Most of us have had the displeasure of working with an overly negative colleague. An employee with a consistently poor attitude can be toxic, bringing down morale and hurting productivity.
While we all have bad days, it’s a major red flag if someone is only in the interview phase and already showing signs of negativity.
Certain questions, however, do lend themselves to negative answers. So how can candidates ensure that they’re giving interviewers the information they need, without turning the conversation into an airing of grievances?
Tip #1: Reframe the Question
At some point during the interview process, you’ll almost certainly be asked why you’re leaving your current role, or why you’ve parted ways with previous employers.
We all leave jobs for different—and often, perfectly legitimate—reasons. Perhaps you’re dealing with a dysfunctional management team, or don’t have access to the training and resources needed to do your job effectively. Nevertheless, answers to questions regarding current or past employment can quickly become negative and inappropriately personal.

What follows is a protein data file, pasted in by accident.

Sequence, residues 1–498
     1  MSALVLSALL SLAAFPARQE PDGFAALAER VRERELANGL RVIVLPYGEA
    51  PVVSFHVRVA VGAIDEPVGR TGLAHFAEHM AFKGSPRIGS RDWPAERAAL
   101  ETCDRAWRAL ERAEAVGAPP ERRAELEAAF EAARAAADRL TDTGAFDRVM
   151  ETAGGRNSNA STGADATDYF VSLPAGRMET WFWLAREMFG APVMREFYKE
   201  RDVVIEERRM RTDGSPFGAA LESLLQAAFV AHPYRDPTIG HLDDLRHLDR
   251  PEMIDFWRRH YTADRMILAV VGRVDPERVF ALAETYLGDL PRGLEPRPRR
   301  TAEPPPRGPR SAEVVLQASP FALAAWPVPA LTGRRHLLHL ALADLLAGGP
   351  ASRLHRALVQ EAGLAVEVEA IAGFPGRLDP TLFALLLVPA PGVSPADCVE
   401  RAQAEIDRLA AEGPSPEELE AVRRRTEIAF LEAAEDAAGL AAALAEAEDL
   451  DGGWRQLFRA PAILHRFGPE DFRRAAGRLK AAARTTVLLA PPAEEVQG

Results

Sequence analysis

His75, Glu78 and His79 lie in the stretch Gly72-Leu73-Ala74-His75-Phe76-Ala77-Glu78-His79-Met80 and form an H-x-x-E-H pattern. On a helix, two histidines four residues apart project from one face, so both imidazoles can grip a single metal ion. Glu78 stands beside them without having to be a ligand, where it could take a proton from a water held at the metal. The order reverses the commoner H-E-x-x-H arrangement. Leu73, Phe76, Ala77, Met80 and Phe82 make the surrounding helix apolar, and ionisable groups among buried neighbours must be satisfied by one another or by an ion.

Rather than focusing on why your current role is so unsatisfying, express what you’re looking for in a new opportunity…and what makes you a great fit for this particular job opening.
Interviewers don’t want someone who’s simply looking for an exit plan; they want the best, most qualified talent. If you’re too fixated on sharing frustrations and reflecting on past experiences, you’re probably not highlighting the skills and experiences that make you a great fit for the job that’s available now.
Tip #2: You’ve Gone Negative—Now What?
If a response came out more negative than you’d like, all is not lost.
Sometimes, by asking pointed follow-up questions, an interviewer will give you a chance to spin a negative response into a positive one—questions like: What did you do to fix the problem? What could you have done differently? Take this opportunity to highlight how you’ve overcome challenges at work, the lessons you’ve learned, and how those experiences actually made you a better employee.
If your interviewer doesn’t give you a clear “out,” create one yourself so you don’t end on a negative note. For example, you could say something like, “Although things didn’t work out with my last employer, I look forward to being in a role that allows me to do X, Y, and Z.”
Tip #3: Slow Down!
It is perfectly okay—and encouraged—to slow down during an interview. If you feel you are about to go negative, pause for a second, think through the wording, and pivot to something positive.
There is nothing wrong with saying, “That’s a great question. Let me think about that for a moment.” This gives you some time to collect your thoughts and also shows the interviewer that you’re being mindful and taking the conversation seriously.